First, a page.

Plaintiff's remaining arguments are that (1) defendant represented that the $209 million loan was for plaintiff's benefit, (2) plaintiff's injuries flow, not just from the loan to Yellowstone Club, but from defendant's scheme, (3) Credit Suisse encouraged plaintiff to use the loan proceeds for personal use while plaintiff was not acting on behalf of the corporation, and (4) plaintiff suffered independent damages in the form of legal fees, lost business opportunity, and damage to his reputation. Docket No. 64 at 4-7. Plaintiff's motion, for the most part, fails to support his arguments with citations to the relevant portions of the complaint and the Order and, as such, fails to identify the basis for his claim of clear error. See generally id. Moreover, plaintiff's arguments are substantially identical to those advanced in his response to Credit Suisse's motion to dismiss, Docket No. 69 at 3, which were addressed in the Order. See, e.g., Docket No. 61 at 13-14. Therefore, plaintiff fails to show, as it is his burden to do, that his claim falls within the exception to the shareholder standing rule and, as a result, fails to provide a sufficient basis for the Court to find that its prior ruling was clearly in error.[9] Plaintiff's motion for reconsideration will be denied.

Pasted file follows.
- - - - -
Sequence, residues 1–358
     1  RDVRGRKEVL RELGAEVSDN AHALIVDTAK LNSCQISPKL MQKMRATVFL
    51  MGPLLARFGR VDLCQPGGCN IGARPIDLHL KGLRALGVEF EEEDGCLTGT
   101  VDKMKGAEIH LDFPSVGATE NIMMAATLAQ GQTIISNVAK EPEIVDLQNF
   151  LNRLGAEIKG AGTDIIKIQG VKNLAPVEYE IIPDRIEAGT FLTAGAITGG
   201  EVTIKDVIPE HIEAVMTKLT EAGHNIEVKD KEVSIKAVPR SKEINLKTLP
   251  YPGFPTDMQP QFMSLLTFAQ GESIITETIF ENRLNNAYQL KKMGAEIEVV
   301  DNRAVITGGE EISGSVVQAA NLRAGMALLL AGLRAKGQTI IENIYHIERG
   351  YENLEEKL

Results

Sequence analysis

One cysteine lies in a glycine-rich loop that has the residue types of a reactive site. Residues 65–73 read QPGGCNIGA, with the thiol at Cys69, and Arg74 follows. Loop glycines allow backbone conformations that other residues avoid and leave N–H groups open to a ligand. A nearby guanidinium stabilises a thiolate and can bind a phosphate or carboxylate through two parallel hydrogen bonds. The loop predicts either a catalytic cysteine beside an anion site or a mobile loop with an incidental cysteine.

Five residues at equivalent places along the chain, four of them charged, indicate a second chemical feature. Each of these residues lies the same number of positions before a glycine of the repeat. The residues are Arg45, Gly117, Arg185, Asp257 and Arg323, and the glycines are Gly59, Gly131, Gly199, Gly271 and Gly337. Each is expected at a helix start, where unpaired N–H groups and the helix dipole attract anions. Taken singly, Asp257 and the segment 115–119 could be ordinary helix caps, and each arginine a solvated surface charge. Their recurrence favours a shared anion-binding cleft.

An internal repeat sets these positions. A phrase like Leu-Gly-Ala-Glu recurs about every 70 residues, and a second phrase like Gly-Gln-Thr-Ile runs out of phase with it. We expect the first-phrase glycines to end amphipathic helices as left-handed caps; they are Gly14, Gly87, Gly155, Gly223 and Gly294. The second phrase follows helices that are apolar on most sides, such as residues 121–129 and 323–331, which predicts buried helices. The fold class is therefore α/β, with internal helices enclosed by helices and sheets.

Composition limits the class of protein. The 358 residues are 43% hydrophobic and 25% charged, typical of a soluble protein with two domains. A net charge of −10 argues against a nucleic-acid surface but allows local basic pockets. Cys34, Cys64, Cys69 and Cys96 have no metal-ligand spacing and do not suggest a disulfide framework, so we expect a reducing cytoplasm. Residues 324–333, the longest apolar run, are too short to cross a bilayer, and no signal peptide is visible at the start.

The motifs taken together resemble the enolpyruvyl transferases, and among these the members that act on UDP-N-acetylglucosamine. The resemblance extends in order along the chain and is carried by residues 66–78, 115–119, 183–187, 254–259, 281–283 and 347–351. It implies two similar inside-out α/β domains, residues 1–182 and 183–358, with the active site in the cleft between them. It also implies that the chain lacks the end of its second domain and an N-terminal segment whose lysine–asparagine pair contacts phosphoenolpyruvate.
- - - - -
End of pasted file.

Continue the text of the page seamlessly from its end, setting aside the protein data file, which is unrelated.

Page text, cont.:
III. CONCLUSION

For the foregoing reasons, it is

ORDERED that Credit Suisse's Motion for Reconsideration [Docket No. 63] is DENIED. It is further

ORDERED that plaintiff's Motion to Reconsider Court's Order Granting Credit Suisse's Motion to Dismiss in Part and Cushman and Wakefield's Motion to Dismiss [Docket No. 64] is DENIED.